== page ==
Deep East Texans with multiple sclerosis invited to newly formed support group in Lufkin

The Multiple Sclerosis Foundation is providing a curriculum to organizers of an independent MS support group that will meet the first Thursday of each month. (Source: KTRE Staff)
The Multiple Sclerosis Foundation is providing a curriculum to organizers of an independent MS support group that will meet the first Thursday of each month. (Source: KTRE Staff)
Jennie Freeman (left) and Christy Caudle, multiple sclerosis patients and support group co-leaders, share a light moment during planning for the first meeting. (Source: KTRE Staff)
Jennie Freeman (left) and Christy Caudle, multiple sclerosis patients and support group co-leaders, share a light moment during planning for the first meeting. (Source: KTRE Staff)

LUFKIN, TX (KTRE) - A New Year's resolution will not only benefit two Lufkin women, but others across Deep East Texas facing multiple sclerosis as well.

A support group is beginning this week to provide hope for MS patients and their families.

Christy Caudle's 2018 resolution for herself and others facing multiple sclerosis is to be stronger, braver, kinder, more unstoppable, and fiercer with MS.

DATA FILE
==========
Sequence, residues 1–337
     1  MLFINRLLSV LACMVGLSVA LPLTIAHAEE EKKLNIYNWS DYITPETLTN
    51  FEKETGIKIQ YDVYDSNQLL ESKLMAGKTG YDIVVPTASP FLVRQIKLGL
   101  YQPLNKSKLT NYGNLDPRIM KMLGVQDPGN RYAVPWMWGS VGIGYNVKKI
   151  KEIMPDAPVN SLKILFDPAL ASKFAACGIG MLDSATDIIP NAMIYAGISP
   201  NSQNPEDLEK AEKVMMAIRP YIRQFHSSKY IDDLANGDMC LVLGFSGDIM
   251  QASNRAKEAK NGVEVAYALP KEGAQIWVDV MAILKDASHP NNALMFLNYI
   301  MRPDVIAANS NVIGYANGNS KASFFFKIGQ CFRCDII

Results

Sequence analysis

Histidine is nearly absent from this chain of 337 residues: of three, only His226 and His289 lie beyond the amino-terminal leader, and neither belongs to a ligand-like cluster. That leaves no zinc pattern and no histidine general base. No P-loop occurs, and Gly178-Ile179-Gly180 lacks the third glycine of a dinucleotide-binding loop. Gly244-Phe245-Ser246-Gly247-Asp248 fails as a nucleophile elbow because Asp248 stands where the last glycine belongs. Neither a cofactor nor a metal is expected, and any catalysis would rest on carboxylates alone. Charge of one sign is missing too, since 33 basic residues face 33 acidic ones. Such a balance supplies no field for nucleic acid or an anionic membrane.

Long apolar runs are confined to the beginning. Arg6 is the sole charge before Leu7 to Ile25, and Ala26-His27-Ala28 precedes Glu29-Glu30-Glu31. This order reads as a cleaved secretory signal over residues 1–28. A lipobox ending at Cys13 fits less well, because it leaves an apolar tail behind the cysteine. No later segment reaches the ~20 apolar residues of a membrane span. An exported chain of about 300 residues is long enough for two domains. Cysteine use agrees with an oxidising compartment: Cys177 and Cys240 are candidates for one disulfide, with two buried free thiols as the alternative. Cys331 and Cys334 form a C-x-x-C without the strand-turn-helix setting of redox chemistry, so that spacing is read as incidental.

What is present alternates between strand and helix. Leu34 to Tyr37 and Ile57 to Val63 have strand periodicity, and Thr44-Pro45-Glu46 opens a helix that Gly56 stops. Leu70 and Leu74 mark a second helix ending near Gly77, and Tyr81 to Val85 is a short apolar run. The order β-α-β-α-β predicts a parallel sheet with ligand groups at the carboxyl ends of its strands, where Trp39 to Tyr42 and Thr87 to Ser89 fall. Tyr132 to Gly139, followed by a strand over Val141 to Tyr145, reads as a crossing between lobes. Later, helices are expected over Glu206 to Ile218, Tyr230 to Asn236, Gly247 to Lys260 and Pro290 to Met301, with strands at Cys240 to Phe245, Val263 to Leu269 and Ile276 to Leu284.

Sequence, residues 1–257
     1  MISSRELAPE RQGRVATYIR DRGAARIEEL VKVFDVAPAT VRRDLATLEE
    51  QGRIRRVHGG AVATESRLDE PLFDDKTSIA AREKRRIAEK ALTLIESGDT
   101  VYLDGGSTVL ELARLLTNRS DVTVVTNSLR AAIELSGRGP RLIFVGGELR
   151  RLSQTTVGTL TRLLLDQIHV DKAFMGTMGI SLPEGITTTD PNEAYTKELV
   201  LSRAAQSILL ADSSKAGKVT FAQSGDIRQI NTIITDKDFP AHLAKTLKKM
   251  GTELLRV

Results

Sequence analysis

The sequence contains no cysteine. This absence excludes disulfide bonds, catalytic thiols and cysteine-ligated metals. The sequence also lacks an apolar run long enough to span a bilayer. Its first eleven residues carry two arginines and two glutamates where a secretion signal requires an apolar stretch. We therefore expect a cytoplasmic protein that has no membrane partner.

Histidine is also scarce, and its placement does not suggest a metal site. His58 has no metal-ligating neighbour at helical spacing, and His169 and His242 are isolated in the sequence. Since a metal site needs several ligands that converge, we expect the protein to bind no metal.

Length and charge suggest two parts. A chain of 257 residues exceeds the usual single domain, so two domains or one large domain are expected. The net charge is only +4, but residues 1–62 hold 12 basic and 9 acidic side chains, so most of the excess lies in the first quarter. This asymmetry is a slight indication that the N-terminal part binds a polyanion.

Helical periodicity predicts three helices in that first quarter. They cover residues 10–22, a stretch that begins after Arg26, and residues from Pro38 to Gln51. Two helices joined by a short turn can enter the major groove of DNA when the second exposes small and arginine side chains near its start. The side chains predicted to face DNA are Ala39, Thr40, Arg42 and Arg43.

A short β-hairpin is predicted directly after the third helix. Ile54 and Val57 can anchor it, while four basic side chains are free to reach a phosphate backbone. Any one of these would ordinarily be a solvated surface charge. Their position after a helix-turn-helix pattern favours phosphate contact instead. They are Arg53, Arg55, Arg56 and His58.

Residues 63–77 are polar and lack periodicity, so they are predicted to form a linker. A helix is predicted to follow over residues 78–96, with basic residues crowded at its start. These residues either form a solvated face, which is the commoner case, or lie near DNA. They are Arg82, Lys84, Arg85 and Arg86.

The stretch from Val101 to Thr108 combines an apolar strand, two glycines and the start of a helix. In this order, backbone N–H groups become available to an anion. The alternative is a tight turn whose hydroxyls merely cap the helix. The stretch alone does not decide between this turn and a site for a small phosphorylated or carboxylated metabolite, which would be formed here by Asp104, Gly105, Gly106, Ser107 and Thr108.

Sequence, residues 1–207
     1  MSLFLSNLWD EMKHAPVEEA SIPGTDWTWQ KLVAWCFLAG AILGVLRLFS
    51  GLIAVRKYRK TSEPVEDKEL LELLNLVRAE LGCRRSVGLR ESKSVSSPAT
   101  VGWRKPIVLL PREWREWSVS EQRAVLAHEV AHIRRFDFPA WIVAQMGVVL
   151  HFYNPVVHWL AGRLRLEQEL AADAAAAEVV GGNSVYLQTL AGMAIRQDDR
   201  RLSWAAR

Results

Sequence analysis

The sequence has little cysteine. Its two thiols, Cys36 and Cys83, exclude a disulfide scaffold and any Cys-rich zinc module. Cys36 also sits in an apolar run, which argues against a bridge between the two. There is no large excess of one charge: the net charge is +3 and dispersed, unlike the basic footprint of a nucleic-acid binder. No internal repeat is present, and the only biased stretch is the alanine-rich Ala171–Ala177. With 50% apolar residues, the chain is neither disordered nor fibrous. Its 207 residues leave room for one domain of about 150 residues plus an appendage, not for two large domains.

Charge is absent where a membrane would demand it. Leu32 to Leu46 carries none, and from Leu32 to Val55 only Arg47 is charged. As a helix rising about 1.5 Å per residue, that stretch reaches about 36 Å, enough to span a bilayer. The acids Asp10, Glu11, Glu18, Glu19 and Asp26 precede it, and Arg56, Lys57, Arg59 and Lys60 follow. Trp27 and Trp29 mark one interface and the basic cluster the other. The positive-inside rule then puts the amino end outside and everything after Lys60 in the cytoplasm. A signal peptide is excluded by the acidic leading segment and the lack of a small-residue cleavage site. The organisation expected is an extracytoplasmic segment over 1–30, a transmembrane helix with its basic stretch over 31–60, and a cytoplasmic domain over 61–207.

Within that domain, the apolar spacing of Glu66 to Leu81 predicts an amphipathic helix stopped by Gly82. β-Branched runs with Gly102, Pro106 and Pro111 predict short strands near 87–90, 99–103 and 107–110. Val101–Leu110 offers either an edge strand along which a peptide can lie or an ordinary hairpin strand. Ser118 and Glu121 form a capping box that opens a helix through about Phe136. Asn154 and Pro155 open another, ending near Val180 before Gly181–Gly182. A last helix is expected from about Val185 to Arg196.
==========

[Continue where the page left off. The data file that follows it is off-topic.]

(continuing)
"I was looking, like, for a group because the doctor told me I should get involved in a support group," Caudle said.

With no one to turn to, aside from doctors, Caudle set out to form an independent MS support group through the Multiple Sclerosis Foundation.

"You know a friend that knows what you're going through," Caudle said.

That friend is Jennie Freeman, who finally found someone who understands her new normal, debilitating muscle aches.

"Even with my neurologists, I have trouble putting into words exactly, so I can just say something to Christy, and she's like, 'Yeah, I know that!'" Freeman said.

MS attacks the brain with lesions that interrupts the central nervous system.

Freeman's damaged spinal cord causes unsteadiness.

"I have no feeling in my feet and pretty much up to my knees." Freeman said.

MS attacked Caudle's optic nerves.

"I know she's right here, but I can't see her," Caudle said.

There is no cure for MS. The women rely on disease management. It's something they want to share in the support group.

"Now, I feel more alive again because I'm able to start this," Caudle said. "This is rewarding in another way is helping others."

It's difficult to say exactly how many Deep East Texans are affected by MS. The women have received responses from Diboll to Athens.

For more information about the multiple sclerosis support group, contact Caudle at (936) 209-0315.

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